Although we do not believe that the construction of an onshore pipeline would likely be subject to the application of general tender procedures and the execution of a subsoil use contract, the current wording of the Law does create certain ambiguity on this point. If applicable, this would raise some significant questions regarding both existing and planned onshore pipeline projects in Kazakhstan. We note that most of the existing pipelines in Kazakhstan did not undergo a general tender procedure and did not result in the execution of subsoil use contract. As such, the current practice seems to indicate that these requirements are not applicable. However, we hasten to note that there are comparatively few pipelines as separate projects in Kazakhstan in this time and that the practice may develop over time. 
 
Side Issues Relating to Construction of Pipeline
 
There are a number of issues related to the right to construct pipelines that are worth initial consideration. To provide a fuller picture on pipeline construction, we have described some of these points below.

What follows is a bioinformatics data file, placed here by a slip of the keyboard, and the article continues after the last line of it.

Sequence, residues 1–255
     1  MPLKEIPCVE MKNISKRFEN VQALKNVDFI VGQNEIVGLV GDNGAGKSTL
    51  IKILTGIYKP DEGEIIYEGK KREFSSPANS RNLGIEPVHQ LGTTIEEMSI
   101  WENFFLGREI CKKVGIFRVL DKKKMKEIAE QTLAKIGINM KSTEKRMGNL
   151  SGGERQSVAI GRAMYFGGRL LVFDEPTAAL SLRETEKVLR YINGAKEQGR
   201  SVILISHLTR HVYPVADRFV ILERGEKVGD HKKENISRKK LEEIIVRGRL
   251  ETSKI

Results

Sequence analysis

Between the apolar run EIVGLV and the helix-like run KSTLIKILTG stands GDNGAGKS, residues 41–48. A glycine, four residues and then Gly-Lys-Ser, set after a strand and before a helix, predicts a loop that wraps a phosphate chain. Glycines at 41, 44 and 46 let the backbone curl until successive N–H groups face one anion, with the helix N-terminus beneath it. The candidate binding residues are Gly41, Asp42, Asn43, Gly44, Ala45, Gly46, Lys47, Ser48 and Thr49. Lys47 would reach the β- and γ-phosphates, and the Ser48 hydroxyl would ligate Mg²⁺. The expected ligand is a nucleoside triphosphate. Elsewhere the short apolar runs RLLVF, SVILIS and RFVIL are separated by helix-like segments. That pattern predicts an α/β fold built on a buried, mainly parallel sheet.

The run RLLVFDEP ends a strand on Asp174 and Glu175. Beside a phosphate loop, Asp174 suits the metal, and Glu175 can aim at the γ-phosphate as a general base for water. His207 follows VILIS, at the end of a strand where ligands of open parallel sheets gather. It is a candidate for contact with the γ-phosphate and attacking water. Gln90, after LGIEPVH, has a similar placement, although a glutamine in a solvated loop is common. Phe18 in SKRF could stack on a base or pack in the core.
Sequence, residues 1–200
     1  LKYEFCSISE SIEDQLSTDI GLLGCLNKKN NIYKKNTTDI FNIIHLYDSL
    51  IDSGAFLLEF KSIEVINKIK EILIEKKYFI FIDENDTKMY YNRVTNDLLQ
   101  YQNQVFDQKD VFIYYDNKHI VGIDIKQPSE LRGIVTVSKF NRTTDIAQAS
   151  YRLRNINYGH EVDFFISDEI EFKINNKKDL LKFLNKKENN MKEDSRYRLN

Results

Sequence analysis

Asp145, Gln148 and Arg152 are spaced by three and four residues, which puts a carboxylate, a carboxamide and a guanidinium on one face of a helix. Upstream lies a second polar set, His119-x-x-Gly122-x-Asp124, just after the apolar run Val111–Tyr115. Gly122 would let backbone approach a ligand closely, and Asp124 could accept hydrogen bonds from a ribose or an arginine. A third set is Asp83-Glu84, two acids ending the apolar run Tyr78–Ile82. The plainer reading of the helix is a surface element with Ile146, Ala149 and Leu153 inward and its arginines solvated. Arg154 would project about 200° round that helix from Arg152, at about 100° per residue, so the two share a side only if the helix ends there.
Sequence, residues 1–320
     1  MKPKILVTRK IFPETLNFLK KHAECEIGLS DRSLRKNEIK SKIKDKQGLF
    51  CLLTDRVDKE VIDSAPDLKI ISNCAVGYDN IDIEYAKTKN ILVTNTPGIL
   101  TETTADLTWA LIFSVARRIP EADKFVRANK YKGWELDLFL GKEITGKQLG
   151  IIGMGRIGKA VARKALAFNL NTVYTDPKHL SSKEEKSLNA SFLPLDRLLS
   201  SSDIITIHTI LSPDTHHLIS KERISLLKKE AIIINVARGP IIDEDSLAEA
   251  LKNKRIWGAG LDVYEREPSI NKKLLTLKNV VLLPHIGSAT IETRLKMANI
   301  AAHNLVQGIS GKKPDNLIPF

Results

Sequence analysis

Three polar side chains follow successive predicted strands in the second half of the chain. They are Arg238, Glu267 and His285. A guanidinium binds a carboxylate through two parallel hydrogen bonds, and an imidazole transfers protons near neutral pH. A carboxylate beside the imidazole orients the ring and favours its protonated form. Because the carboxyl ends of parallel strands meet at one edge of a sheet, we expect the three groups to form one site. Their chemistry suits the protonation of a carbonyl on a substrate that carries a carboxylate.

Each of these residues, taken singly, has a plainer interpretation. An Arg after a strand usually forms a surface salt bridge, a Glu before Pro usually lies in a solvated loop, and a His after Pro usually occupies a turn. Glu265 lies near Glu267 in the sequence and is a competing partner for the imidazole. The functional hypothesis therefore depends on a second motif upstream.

As explained above, Article 8-2 of the Petroleum Laws permits the construction of an offshore pipeline with the relevant permits from State agencies. One of these State agencies is the President himself, who is empowered under Article 49 of the Petroleum Law to grant general permits for the conduct of Oil Operations in offshore areas, internal bodies of water, ecological disaster zones and specially protected natural and cultural areas. Such permissions are granted at the request of the Government on the basis of the conclusion of a State environmental expert study.